This is an archival consolidated post from the previous incarnation of our website.


On January 5th a large joint gathering of volunteers from our trail work and invasives teams tackled the young hand-pullable broom in the Drumbeg Park meadow, and used the Extractigators to pull some of the mature Daphne laureola in the shady areas. A couple of weeks later they pulled another huge pile of Daphne, which the BC Parks people will haul away in their trucks. Great ways to kick off the new year!

Two smiling people brandishing cut daphne


Libby rallied the invasives enthusiasts to tackle Daphne laurel at Twin Beaches, and Daphne, holly, and young broom in Drumbeg Park.

Workers cutting broom in bloom


Throughout May, while BC’s parks were closed to the public, the invasives team had special permission from BC Parks for small, spaced groups of volunteers to cut broom while it was blooming in Drumbeg Park’s camas meadow. We were delighted to find camas lilies blooming and Garry oaks sprouting in areas cleared in the last year or two. Individuals and small groups continued to organize neighbourhood Daphne and broom cuts around the island and GaLTT arranged for the cuttings to be trucked to a central location for disposal.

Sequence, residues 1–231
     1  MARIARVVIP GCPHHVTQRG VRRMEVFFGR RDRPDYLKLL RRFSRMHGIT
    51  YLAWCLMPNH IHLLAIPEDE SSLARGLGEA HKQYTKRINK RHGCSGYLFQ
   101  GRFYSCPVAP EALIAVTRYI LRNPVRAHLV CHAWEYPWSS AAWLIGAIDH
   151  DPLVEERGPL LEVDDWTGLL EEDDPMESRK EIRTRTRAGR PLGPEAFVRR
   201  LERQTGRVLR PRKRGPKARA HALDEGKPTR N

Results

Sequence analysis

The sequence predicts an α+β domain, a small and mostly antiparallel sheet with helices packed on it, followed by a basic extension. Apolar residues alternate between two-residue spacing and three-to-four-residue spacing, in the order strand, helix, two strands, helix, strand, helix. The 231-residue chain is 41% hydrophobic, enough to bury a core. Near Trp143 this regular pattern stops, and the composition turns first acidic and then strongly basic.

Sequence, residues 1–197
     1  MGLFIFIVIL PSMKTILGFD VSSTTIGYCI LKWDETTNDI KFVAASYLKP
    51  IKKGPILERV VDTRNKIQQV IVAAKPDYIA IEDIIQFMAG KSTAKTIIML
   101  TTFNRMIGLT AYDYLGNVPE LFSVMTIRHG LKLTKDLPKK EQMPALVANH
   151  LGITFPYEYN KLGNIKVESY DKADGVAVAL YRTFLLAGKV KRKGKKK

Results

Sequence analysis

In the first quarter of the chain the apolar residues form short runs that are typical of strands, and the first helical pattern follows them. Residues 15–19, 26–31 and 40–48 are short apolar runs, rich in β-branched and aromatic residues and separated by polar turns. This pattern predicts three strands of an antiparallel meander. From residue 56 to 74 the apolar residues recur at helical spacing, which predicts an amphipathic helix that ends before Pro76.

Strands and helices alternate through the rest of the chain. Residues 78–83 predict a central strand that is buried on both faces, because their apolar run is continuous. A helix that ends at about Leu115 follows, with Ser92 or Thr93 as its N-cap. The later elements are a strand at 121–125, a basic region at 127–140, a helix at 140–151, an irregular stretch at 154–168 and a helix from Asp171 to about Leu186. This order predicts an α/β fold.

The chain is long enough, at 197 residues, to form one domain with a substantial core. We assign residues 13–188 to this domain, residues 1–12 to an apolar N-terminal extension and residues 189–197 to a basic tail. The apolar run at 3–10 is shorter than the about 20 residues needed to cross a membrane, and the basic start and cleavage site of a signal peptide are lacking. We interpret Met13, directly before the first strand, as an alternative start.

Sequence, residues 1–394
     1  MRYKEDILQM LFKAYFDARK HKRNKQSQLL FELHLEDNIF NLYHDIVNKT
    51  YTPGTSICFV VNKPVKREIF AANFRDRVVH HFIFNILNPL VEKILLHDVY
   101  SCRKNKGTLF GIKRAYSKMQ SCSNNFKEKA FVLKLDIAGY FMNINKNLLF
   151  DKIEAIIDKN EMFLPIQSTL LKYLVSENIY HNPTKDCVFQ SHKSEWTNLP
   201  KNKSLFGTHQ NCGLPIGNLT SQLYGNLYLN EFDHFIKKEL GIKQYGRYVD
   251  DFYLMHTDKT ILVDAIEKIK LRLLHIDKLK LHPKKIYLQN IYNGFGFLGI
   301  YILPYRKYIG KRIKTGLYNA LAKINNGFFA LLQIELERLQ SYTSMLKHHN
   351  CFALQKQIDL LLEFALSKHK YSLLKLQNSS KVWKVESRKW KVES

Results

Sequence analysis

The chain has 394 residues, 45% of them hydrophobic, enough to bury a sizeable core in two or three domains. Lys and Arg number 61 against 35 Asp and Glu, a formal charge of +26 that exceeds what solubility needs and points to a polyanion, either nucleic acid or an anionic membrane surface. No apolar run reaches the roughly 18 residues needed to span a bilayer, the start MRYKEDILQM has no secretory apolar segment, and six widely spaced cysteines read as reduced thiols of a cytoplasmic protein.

Man with shovel and protective gloves by giant hogweed plants
Don Hare, Executive Director of Coastal Invasive Species Committee, joined our committee members to deal with a small local giant hogweed infestation.


At the end of July BC Parks came with their truck to help our volunteers take the piles of dried cut broom from Drumbeg Park to the disposal area for controlled burning later in the Fall.

Garbage bags of tansy flowers loaded on a bicycle
A little free-range collection of tansy ragwort flowers, by a volunteer on a bicycle.
Buckets of seeds for camas meadow restoration


After removing thickets of broom in the spring, we were concerned that the bare soil would immediately be colonized by other invasives. GaLTT seeded small sections of meadow at Drumbeg with a native seed mix put together by a Vancouver Island native plant specialist. We received funding from BC Parks to buy the seeds (not cheap!) and to get advice on the mix. We are very excited to see if we are successful! (Please avoid walking on the marked-off areas.)

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